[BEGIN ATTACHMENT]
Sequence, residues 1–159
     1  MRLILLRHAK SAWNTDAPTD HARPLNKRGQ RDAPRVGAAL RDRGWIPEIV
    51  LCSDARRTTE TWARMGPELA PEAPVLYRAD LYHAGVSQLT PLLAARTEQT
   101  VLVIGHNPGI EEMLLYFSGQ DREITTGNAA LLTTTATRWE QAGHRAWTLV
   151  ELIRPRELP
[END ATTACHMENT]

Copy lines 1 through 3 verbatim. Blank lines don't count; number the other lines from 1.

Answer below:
Sequence, residues 1–159
     1  MRLILLRHAK SAWNTDAPTD HARPLNKRGQ RDAPRVGAAL RDRGWIPEIV
    51  LCSDARRTTE TWARMGPELA PEAPVLYRAD LYHAGVSQLT PLLAARTEQT